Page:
A satellite designed to measure Earth’s global wind patterns is set to be hoisted into orbit Tuesday from the Arianespace launch site in French Guiana.
The European Space Agency’s (ESA) Aeolus mission—named for the guardian of wind in Greek mythology—promises to improve short-term weather forecasting and our understanding of manmade climate change.
“Meteorologists urgently need reliable wind-profile data to improve accuracy,” the ESA said in a statement.
Tropical winds in particular are very poorly mapped because of the almost complete absence of direct observations.
Once in orbit, Aeolus can retrieve data from anywhere on the planet, include remote regions lacking ground-based weather stations.
The satellite will carry a large telescope measuring 1.5 metres (five feet) across, an ultra-sensitive receiver, and a Doppler wind lidar, nicknamed Aladin.
The Doppler lidar transmits short, powerful pulses of laser light toward Earth in the ultraviolet spectrum. Particles in the air—moisture, dust, gases—scatter a small fraction of that light energy back to the transceiver, where it is collected and recorded.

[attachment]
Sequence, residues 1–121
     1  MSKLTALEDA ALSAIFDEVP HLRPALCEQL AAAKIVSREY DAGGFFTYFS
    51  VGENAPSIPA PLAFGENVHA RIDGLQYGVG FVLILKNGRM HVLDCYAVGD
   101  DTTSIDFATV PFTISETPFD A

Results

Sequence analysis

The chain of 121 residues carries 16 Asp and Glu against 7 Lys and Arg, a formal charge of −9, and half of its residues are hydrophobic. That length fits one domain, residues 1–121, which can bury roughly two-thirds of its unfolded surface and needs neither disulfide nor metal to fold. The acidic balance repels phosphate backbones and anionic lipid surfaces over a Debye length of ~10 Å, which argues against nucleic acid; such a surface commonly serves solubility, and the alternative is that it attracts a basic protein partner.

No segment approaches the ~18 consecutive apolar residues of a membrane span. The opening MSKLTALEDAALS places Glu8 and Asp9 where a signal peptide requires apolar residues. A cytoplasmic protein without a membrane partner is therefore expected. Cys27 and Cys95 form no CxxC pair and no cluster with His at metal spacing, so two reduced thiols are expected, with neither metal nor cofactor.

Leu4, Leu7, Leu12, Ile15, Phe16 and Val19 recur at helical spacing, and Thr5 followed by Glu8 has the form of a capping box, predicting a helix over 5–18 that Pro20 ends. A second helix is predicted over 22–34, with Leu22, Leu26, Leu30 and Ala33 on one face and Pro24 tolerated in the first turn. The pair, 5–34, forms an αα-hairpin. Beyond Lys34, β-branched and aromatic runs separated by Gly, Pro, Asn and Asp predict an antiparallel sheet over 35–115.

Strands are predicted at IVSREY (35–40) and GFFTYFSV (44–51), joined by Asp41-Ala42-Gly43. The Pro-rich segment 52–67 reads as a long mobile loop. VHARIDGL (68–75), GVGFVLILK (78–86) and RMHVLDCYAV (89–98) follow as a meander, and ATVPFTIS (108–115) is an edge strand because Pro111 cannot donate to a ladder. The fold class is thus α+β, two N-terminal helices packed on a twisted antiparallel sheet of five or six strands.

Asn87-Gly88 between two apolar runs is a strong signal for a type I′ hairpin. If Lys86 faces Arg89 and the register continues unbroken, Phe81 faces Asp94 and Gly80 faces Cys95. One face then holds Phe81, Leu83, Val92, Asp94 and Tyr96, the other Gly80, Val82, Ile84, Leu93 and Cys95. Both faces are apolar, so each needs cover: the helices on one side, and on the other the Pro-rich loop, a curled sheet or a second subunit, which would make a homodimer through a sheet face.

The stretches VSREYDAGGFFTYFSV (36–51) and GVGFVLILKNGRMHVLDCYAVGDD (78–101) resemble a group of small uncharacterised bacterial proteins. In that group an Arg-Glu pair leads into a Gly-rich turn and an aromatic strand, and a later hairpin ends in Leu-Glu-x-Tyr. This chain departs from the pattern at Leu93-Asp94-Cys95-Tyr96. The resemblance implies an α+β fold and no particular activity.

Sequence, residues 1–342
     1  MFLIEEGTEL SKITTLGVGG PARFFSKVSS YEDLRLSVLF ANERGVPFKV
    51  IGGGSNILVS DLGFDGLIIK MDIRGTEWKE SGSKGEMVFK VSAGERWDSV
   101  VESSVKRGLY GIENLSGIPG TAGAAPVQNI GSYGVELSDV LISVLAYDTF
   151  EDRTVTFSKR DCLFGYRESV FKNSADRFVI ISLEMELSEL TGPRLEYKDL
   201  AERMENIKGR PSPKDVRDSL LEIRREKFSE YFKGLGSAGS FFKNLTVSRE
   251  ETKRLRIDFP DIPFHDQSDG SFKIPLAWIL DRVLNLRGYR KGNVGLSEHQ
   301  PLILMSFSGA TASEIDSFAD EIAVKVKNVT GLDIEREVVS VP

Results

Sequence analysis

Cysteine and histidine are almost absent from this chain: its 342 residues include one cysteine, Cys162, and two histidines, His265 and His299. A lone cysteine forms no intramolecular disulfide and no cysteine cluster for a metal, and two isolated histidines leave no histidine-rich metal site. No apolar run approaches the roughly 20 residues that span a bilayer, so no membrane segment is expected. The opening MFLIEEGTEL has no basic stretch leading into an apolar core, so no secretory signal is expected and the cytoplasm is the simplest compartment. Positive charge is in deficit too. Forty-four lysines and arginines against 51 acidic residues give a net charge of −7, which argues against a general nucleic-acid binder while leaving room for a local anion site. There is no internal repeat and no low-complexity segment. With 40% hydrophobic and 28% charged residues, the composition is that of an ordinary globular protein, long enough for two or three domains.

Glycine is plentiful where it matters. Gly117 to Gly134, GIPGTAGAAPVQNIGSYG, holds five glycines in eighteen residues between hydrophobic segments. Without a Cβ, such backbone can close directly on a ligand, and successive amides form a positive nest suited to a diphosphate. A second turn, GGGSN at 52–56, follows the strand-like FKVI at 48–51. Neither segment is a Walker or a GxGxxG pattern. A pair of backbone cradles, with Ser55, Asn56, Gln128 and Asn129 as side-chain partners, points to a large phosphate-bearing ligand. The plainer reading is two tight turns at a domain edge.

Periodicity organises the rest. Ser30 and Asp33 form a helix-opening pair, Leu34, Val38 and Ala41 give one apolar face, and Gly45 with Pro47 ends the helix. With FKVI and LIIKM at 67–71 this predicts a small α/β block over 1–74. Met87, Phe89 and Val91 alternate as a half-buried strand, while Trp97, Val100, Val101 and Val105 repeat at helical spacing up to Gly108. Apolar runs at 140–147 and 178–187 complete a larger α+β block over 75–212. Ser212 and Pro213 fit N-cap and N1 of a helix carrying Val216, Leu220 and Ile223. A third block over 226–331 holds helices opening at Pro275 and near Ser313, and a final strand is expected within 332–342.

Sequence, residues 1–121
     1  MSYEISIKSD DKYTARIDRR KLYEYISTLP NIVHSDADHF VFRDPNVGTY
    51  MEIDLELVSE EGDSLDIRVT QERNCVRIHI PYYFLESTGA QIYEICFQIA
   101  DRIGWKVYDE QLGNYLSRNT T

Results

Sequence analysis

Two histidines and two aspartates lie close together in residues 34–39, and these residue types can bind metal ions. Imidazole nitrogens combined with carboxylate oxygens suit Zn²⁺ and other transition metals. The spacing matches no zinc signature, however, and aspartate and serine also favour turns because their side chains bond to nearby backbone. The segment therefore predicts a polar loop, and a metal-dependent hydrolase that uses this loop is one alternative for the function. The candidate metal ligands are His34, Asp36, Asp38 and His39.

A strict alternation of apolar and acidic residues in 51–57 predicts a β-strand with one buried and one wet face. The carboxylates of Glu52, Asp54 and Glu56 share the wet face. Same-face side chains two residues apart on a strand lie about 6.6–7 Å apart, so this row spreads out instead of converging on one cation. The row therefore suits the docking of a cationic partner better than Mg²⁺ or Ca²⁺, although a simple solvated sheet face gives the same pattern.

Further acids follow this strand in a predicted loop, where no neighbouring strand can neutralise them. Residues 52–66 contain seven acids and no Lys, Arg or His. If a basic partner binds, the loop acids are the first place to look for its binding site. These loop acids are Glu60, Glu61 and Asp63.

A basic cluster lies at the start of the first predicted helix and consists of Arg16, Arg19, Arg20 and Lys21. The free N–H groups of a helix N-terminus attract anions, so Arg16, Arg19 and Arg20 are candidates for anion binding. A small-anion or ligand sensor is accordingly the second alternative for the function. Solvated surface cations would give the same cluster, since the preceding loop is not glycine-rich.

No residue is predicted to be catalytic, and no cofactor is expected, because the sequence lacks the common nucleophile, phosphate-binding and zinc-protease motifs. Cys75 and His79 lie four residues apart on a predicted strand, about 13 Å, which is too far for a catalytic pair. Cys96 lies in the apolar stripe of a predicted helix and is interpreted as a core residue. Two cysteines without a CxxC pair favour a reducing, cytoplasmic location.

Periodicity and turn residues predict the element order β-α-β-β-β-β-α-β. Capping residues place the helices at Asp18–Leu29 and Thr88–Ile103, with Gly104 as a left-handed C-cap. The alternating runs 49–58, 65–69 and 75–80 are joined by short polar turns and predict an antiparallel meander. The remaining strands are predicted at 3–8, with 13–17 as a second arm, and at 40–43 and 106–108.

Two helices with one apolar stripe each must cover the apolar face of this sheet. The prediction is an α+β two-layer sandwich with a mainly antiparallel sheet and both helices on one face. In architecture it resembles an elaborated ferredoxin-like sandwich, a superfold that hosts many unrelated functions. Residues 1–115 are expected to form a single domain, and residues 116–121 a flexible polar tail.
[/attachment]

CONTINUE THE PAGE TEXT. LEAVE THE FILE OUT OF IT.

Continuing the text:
The delay between the outgoing pulse and the so-called “backscattered” signal reveals the wind‘s direction, speed and distance travelled.
Once per orbit, data is downloaded to a ground station in Svalbard, Norway.
The 1,260-kilo (3,000-pound) payload will be hoisted into a 320-kilometre (200-mile) orbit on a Vega rocket, with lift-off scheduled for Tuesday at 21:00 GMT.
Aeolus will be the fifth of the ESA’s planned Earth Explorer missions. Others already completed or in operation have measured Earth’s gravity and geomagnetic fields, soil moisture, ocean salinity and frozen expanses collectively known as the cryosphere.
The new mission will be Arianespace’s 50th launch for the European Space Agency.
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